“The first thing which the native learns is to stay in his place, and not to go beyond certain limits. This is why the dreams of the native are always of muscular prowess; his dreams are of action and aggression. I dream I am jumping, swimming, running, climbing; I dream that I burst out laughing, that I span a river in one stride, or that I am followed by a flood of motorcars which never catch up with me.”
Bedstuy, NYC, 2016
He lays alone in his cramped apartment. Tipsy cars are his soundscape. The yellow of a streetlight hits his dark skin like the promise of rainbows to come.
In bed, one of his legs dangles outside of his covers. The other cradles underneath. An army of sweat marches down his spine.
When he finally falls asleep, his face is a frown.
In Dream, he is walking down an alley. Blunt in mouth. Not knowing from where he came, or to where he goes, he walks.
Suddenly, he hears a familiar crescendo of footsteps behind him. The rattling of nuts and bolts.
He spins around on his heels, briefly seeing the world as a blur of pink and purple.
The creature crouched in front of him is part flesh, part metal. Its boxy muscles are boulders. Black voids of eyes. Its chest heaves in and out with each calculated breath.
This creature is an old program, but a stubborn one. The newest creatures can morph into the subconscious. Embody the beliefs that roam in the shadows of the colonial subject. A model citizen at terrorizing Black people.
But this old technology still patrols Dream streets. For many, its physical ugliness cannot be stomached. It can catch and cradle them in their choking itches of fear. Suck the optimism from their hearts. Render them worthless.
“We meet again,” the creature howls, its voice a synthetic sound bite of virus. Its teeth, digital chips. The tone, a caustic, racist disgust. “Motherfucker.”
This time, man and creature draw their weapons. He manifests a sword. The creature, a laser gun. Something of a different dimension. The gun fades in and out of materiality.
In a split second, he makes himself jump. He wields his sword and brings it slashing through the fleshy part of the creature’s neck. Just as he has practiced. Night after night.
The creature drops dead.
He clutches his stomach, feeling warm blood spurt into his hands.
He laughs viciously like the thunders of a torrential downpour.
“There are maleficent spirits which intervene every time a step is taken in the wrong
direction, leopard-men, serpent-men, six-legged dogs, zombies—a whole series of tiny
animals or giants which create around the native a world of prohibitions, of barriers and
of inhibitions far more terrifying than the world of the settler.”
Montgomery, Alabama, 1964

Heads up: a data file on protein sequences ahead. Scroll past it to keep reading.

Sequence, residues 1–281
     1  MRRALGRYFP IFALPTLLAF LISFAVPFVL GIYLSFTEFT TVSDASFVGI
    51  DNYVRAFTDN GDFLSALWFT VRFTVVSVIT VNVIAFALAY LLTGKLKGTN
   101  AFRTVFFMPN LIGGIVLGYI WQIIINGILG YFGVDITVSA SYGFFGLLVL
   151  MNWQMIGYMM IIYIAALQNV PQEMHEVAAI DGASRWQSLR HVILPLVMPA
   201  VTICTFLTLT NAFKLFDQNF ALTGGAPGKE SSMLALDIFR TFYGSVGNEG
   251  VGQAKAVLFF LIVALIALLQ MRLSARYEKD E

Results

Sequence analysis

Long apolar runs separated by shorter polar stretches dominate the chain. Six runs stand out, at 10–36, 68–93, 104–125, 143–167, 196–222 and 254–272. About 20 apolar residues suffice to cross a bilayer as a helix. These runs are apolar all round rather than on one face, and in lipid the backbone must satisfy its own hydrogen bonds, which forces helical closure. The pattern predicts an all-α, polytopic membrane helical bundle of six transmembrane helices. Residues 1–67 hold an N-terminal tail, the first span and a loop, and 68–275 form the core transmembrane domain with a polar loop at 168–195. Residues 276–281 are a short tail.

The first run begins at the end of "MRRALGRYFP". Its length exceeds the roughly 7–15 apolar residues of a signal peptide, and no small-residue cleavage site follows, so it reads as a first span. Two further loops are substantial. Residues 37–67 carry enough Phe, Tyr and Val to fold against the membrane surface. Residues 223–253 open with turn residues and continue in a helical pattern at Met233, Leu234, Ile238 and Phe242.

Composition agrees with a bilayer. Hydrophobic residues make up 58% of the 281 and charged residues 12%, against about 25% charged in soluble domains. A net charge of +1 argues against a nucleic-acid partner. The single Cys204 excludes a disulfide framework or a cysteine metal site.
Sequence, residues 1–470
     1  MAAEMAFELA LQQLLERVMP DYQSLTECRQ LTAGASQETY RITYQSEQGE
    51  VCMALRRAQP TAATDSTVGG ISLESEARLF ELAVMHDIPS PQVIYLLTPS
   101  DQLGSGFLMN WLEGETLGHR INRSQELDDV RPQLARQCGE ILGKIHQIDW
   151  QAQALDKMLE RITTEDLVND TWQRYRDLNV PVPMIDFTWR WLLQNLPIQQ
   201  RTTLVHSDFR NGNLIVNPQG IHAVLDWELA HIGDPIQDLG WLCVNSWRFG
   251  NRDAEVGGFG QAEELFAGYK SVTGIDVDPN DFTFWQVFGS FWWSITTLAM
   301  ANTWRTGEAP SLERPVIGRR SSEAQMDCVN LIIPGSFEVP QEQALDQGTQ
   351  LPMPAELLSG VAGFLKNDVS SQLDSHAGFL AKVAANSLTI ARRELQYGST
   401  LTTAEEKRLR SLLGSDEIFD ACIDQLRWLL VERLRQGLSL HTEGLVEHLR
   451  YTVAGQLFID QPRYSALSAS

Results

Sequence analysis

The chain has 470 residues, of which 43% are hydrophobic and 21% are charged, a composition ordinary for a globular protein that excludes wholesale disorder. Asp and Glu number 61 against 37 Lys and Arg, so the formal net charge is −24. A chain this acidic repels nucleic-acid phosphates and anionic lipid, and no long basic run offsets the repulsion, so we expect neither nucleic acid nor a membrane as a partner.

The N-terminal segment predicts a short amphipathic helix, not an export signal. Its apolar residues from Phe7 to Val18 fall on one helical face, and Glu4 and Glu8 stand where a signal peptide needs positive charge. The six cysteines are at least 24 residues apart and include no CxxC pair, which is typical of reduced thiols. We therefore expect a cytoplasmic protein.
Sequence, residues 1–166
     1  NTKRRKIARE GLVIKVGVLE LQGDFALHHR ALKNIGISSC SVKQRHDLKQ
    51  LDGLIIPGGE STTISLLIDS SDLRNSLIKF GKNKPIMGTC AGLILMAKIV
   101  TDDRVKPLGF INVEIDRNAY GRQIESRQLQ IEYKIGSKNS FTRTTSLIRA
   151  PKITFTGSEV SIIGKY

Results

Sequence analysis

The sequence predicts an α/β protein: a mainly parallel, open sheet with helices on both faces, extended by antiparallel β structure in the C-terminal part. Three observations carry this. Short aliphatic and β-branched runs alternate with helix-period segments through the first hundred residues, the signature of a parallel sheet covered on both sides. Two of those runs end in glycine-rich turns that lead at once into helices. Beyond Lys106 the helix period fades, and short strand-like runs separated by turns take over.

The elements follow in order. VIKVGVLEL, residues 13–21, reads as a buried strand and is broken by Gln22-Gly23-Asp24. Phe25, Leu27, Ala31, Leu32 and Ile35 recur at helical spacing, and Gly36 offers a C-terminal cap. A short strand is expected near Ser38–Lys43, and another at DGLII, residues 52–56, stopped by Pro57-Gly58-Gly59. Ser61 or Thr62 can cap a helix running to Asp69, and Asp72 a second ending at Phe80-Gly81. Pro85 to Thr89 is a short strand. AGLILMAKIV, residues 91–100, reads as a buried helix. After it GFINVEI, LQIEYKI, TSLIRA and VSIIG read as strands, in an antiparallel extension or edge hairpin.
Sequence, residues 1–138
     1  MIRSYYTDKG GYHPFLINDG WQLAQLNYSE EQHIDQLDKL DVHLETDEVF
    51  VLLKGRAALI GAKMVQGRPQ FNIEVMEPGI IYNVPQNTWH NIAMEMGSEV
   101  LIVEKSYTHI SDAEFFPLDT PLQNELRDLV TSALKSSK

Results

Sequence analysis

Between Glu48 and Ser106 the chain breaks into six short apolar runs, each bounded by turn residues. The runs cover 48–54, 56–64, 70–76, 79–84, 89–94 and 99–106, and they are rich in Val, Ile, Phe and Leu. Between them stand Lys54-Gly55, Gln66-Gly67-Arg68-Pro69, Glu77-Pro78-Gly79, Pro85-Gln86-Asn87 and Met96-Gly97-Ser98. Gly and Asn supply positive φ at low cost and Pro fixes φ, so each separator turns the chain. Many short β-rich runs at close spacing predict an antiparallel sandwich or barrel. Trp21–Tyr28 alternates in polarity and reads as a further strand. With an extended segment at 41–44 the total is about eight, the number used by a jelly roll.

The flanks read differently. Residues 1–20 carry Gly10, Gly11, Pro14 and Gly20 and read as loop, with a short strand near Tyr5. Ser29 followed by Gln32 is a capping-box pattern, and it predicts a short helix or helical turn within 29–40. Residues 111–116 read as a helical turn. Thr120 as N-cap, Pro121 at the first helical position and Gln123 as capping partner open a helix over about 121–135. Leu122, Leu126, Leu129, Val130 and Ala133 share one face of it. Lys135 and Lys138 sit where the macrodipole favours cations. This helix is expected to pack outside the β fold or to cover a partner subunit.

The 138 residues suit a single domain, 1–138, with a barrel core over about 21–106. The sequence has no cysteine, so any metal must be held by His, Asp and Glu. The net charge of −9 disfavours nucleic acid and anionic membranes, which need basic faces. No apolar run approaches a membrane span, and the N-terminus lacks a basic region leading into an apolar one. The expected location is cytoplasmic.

He lies restless in bed, both legs under the covers. Surrounded by an army of toys. A GI Joe. Cars. Even a teddy bear, still.
There are protests outside of his window.
“Mama,” he cries. Shaking. Still seeing the shadows of ghouls pressed against his eyelids. Still hearing their demonic squeals of joy. Still feeling the bony fingers pressed around his throat. The sensation of waking up with a choke.
She comes in.
“Again?” she asks. Weary.
“They’re everywhere,” he says. “I can feel them in my sheets.”
She places glass of water on his nightstand. To swallow the spirits. Then, a hand on his forehead. To soothe the imagination.
“Make it stop,” he cries. “Please, Mama. I’m scared.”
She sighs, seeing a white bubble of light surrounding his black body. Whispers a protective prayer. Feels his body for knots. Soothes the mysterious scratches.
She says, “It’s not real.”
“It feels real!”
She sits on the edge of his bed. Wipes the sweat from his brow.
“Stay centered, baby.”
Shouts seep into the room from between the drapes.
“Someday, you’ll know how to push those fears away,” she whispers. “You’ll learn how to fight back.”
“During the period of colonization, the native never stops achieving his freedom from
nine in the evening until six in the morning.”
Quotes are from from Franz Fanon’s “On Violence” in The Wretched of the Earth (1961).
Kesi is a writer and a teacher of literature and creative writing for teenagers and adults. Her writing has appeared in Winter Tangerine, USA TODAY, on the New York City Subway, and in collections like haiku narrativo and ancient futures. Kesi received her Ph.D. from NYU in 2018 and wrote her dissertation on Black writers who are working to correct the lack of diversity in children’s literature. She lives in Queens, New York. You can find her at kesiaugustine.com.
Photo: Teddy Kelley